I use a metaphor gifted to me by a former professor to think about my professional life. It goes, Writing Floats on a Sea of Conversation. In the fifteen years I’ve been in writing classrooms, I’ve come to believe it’s important for me to help students navigate all of the conversations they are having in digital spaces. Much of the reading and writing my students do is on the screens of their devices. There is a lot of power up for grabs in these spaces: votes will be garnered and lost, money will change bank accounts, and voices will be heard and suppressed. I originally introduced Twitter into our classroom because I thought it might help with student engagement during class discussions. That didn’t go so well. Students seemed to become lost in the worlds of their screens and the classroom fell silent. I’d been leaning toward scrapping my use of Twitter until something happened during a conference with a student. Our conversation caused us to enter the student’s major–speech pathology–into the Twitter search box. What we found was a tweet from a speech pathologist about a job opening. For the student, who had always characterized herself as a reluctant user of technology, this was a moment where Twitter was transformed from just one more messaging system she needed to keep up with to a powerful tool that might impact her future. For the next semester, I decided that I’d have students try and find professionals within their field who tweeted. What has happened since then, is that I’ve come to see possibilities for students related to research, gathering news, and building a sense of community in the writing classroom. I see Twitter as one place students can experience a tangible example of how they might situate themselves within a conversation relevant to their lives. As someone who values that sort of conversation for my own professional growth, I hope you’ll take the time to connect to say hello, note an observation, or ask a question. I’m including some notes below relevant to my experience with Twitter so far. Thanks for reading!
Some thoughts related to Twitter in the writing classroom:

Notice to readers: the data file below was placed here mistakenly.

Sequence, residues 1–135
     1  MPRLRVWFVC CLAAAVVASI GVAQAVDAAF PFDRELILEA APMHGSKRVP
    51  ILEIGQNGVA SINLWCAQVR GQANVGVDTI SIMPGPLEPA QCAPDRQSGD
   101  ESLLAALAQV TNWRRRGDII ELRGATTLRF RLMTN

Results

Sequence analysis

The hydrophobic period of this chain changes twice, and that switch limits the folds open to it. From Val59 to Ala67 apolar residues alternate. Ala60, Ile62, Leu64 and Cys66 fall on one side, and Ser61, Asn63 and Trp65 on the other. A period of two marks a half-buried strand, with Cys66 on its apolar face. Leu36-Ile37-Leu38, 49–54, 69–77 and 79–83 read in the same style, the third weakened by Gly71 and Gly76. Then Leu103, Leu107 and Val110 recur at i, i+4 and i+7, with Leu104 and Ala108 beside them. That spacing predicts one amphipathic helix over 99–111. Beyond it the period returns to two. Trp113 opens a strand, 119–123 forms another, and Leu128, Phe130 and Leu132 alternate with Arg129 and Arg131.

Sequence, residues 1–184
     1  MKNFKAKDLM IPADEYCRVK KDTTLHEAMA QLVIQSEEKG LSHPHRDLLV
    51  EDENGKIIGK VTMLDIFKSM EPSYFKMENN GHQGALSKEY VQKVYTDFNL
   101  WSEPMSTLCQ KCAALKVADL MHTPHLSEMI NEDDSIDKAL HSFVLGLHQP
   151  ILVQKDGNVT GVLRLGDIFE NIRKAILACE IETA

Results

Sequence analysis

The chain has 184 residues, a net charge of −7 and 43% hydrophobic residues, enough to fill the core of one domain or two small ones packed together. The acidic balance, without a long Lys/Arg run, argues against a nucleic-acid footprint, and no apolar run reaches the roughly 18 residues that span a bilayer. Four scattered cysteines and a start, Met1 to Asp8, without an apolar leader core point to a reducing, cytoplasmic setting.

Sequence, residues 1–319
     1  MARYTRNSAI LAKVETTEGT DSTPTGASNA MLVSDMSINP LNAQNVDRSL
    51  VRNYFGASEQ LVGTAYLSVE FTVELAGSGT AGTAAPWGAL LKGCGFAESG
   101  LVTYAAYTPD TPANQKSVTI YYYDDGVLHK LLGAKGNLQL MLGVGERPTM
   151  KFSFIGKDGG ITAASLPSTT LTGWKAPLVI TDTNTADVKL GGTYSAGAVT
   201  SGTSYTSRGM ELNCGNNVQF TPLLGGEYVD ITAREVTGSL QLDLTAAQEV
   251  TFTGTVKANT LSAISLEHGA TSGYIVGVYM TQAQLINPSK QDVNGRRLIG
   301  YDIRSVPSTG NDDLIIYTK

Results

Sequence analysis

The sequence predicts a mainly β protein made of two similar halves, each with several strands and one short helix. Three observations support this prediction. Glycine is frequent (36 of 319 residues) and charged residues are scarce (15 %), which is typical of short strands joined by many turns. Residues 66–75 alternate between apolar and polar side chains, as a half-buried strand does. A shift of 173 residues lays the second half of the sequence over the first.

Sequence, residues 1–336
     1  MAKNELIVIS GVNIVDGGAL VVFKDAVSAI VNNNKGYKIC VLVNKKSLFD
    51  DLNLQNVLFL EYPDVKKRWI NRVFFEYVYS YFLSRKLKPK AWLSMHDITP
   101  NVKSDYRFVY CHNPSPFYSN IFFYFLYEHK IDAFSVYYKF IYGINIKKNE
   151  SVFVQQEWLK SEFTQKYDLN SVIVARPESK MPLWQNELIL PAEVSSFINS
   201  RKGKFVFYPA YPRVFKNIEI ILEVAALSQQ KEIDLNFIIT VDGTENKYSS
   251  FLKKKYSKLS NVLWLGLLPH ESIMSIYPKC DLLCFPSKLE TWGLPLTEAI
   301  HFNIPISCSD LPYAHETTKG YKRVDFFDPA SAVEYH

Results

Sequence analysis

- Students can decide to what degree they want to be known on Twitter. If I’m “Writer89,” and my profile picture is an apple, I don’t have to be easily identifiable. Teachers should at least keep a private record of what student is connected to which Twitter account.
- What might students tweet? golden lines from readings or classmates’ writing, questions, notes of encouragement, reflections, or highlights from group work.
- You can lose the attention of students to their gadgets. I find myself asking students to open their laptops or get out their phones and then asking them to put those devices away. You might use Twitter as a place for work outside of class time.
- I’ve had students write digital literacy narratives. This has worked well.
- Twitter has become one more way for students to engage with the classroom community. Some students speak up in class, some do well in small groups, some write emails, and some tweet. Students send tweets to me and each other.
- Twitter can be a place for student research as they identify people who tweet articles and links related to conversations that are important to them.
Here’s an excerpt from a student blog that highlights what I think is possible for student research and professional connections through the use of Twitter:
After reading about nuclear pharmacy jobs on @Pharmacy_Job, I decided to search on Twitter more specifically on nuclear pharmacy jobs and I found a page @NuclearPharmacy. According to the description provided, nuclear pharmacy jobs consist of nuclear Pharmacist, radiochemist, health physicists, chemists, pharmacy technicians, and radiopharmacist…I can definitely see myself using this Twitter page! Some interesting articles that I have found on this page include topics concerning diabetes, heroin drug use, and updates from the FDA. Searching in Twitter has made me realize that the most popular jobs are still in retail and in hospitals. However, other fields and roles are slowly becoming more and more popular as well. These pages will certainly help me find a job when I graduate!
Here are some examples of the sorts of tweets my students publish:
- I have no clue what to do my documentary film on…
- Prof. Torg, you’re right when you say that college is a place for trying new things. An example of one of those things is this tweet.
- Going vegetarian all this week as an experiment for my latest documentary #wishmeluck
- I found a twitter page titled New York Internships which can help me get an internship in my major
- social media will soon over take media outlets as time goes on we are beginning to rely more on each other than a third party
- “The exemplary DJ is a model of rhetorical excellence, and even the everyday DJ is a model of rhetorical agility” Digital Griots
- my summary of the article i read for hw: the internet is not only changing the way we read, its changing the way we THINK#wow
- wat do lebron james and professor torg have in common? Hairline.
I hope you’ll take the time to say hello, offer an observation, or ask a question!
Tweet to me @BillTorg or write me an email here: William.Torgerson@gmail.com